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Everything posted by blandy

  1. is what? The point I was trying to get across (badly, it seems) is that electability is really only known once we get to a general election and that being ahead or behind in the polls, whoever it is, is just a snapshot of a day when there's not an election at best (as you say) gives us a bit of data to help inform our opinions. I didn't mean to deflect from anything. I personally was convinced that Corbyn would never get elected, from the point, or even before, he became leader. But that's in the past. Starmer's got a massive job to turn round a 80 odd seat advantage to the baby eaters, and to date neither his individual efforts, not the collective ones of the Labour party look like they're going to be anywhere near good enough. Corbyn was hampered to by infighting and splits. My posts aren't partisan as from a particular part of the Labour party - IDGAS about that. They're observations of a rando on the internet about how it looks from the perspective of someone who wants the tories out and despairs about that happening.
  2. It's also speculation (being polite). Not to defend either of those two, but Corbyn Labour spent a bit of time ahead in the pols, as has Starmer Labour (I think, last year?). We do know that Corbyn twice failed to get Labour elected, though. So ultimately he proved not to be electable (to absolutely no surprise on my part). Labour looks no more or less electable/unelectable now, tbh. The current infighting an splits and stuff - either the party breaks up - more Tory governments, or it works out how to resolve the seemingly unsolvable differences and cracks on with being a potential government in waiting. it's not looking promising.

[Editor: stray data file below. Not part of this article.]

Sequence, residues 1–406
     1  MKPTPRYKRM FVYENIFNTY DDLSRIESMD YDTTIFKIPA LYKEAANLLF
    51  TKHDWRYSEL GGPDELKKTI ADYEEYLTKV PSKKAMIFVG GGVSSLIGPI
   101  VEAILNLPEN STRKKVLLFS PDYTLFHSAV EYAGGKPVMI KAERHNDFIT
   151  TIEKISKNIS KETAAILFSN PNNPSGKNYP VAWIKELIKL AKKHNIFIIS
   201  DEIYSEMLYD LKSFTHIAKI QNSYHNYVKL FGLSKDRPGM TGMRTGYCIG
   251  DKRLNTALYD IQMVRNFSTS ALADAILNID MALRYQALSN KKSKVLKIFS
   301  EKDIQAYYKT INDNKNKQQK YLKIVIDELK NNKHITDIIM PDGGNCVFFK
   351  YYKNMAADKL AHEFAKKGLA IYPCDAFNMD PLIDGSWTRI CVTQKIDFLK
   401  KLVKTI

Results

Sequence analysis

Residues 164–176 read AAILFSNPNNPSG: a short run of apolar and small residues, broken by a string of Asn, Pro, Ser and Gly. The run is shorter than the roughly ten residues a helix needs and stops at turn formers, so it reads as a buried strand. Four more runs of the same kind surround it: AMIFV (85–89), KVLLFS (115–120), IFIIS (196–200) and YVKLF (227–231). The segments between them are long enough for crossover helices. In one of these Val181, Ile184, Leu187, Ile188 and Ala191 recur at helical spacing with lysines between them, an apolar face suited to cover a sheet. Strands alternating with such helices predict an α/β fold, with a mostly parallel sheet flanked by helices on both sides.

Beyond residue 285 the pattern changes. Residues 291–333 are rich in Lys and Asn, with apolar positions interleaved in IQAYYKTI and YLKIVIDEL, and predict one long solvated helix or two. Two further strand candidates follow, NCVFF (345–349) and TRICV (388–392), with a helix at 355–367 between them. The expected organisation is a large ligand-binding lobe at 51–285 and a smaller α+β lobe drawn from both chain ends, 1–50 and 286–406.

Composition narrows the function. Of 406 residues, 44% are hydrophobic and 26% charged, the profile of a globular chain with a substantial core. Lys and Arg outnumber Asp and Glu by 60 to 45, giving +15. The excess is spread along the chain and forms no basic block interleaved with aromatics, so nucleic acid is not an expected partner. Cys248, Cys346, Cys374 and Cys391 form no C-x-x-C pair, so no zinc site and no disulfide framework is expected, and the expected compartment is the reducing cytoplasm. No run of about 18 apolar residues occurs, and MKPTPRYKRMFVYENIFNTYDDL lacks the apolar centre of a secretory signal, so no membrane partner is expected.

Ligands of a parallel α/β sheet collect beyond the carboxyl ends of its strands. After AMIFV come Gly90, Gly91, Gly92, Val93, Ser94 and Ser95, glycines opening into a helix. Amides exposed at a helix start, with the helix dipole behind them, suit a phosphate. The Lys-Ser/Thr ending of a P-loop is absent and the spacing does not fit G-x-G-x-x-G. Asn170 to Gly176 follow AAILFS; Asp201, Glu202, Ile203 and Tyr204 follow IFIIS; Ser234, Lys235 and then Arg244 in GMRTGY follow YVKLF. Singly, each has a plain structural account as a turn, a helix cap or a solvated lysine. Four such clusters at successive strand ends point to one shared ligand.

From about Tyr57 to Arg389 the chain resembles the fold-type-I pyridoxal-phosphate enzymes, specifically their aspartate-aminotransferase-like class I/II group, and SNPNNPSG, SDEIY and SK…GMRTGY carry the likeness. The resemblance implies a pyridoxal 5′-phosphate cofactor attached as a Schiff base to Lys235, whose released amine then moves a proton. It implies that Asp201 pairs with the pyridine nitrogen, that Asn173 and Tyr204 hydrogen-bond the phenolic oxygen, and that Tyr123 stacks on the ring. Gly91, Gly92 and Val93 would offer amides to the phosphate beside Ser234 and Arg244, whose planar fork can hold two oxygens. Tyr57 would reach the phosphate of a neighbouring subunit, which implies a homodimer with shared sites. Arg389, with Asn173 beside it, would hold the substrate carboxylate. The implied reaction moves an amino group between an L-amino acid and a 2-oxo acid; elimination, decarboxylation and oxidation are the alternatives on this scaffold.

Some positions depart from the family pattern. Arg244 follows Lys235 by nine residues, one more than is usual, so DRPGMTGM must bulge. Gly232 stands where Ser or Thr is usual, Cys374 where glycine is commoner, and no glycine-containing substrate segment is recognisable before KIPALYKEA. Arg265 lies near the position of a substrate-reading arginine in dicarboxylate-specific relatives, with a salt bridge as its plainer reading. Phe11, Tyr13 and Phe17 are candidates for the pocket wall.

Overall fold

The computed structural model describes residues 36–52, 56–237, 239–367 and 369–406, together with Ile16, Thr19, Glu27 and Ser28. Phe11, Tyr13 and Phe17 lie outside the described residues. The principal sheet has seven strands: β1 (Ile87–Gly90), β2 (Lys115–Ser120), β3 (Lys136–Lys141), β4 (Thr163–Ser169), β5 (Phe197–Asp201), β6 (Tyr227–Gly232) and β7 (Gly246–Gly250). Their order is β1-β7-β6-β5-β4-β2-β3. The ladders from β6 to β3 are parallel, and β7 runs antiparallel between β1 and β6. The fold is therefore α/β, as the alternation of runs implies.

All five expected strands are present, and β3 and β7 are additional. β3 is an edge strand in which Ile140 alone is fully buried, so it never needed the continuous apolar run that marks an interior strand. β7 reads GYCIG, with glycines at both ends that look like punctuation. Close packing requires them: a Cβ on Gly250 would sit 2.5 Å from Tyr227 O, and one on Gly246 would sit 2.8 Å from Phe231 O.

3. Cool. Those two there - they're not mutually exclusive. you can have public services in public hands and ALSO partner private enterprise. I (probably like you) suspect that anyone thinking (hypothetically) the moment Starmer is Prime Minister he would nationalise Rail, Water, Energy....etc. in his first term, if ever, will be disappointed. I'm not entirely sure (personally) that all of those things would be wise, anyway. Some, yes, sure, others less so in the real world circumstances we have (and which change). For example the other day @Davkaus made the comment that these energy companies being stuffed by the rocketing price of Gas on the international market going bust, saying they do nothing it should be a nationalised industry. Only partly true - take Ecotricity for example - they are a renewable generator of Electricity and gas as well as a "retailer". All the money they make (pretty much) goes back into building more renewable generating capacity. They fund this by selling their power at a higher price to people who are prepared to pay more. At this moment they generate (I think) all of their electricity, but haven't got there yet on Gas. Give it another 10 years maybe and they could be 100% renewable completely, as private enterprise. Meanwhile even if energy was currently already nationalised, Gas prices would still feed through to consumers and the demand from people for "price control" would effectively prohibit Ecotricity from doing what they do. Any nationalised industry is always going to have political influence in terms of Government priorities and voter whims and needs. There's also a limit on the amount of intellect and expertise the government and civil servants possess to innovate and improve. Both systems, private and nationalised have their pros and cons. All the detailed arguments and discussions of the merits of that stuff get turned into ideology (which is fine, I guess), but the complex implications and unintended consequences down the line get ignored because of ideological standpoints (which are often too rigidly held and based on rubbish - "the market is always more efficient " - nonsense, "it's always private profit, public losses" - nonsense. And so on). I said at the time of the last (or last but one) election about Labours plan to nationalise water (at the time people were focused on Water charge rises) - nationalising water wasn't the most effective way to deal with that issue - apart from all the parliamentary time and effort necessary to bring water back public, they either pay the current market price to the shareholders, or they take it back at below market rate and essentially hit people's pensions, creating a pension and poverty problem. Then when they've got water public, who actually does the stuff that needs doing? It'll be the same people as now, just working for a different employer. But the government minister and servants overseeing it all are likely to be career civil servants, or an ever changing rota of Hancocks, Burgeons, Williamsons, and so on. Are they any better than who's doing it now? Wouldn't it be better to just legislate to introduce a cap on prices or profit margins? Taking a fraction of the time and effort, allowing government time and money to be spent on other areas, like I dunno, the NHS, or whatever?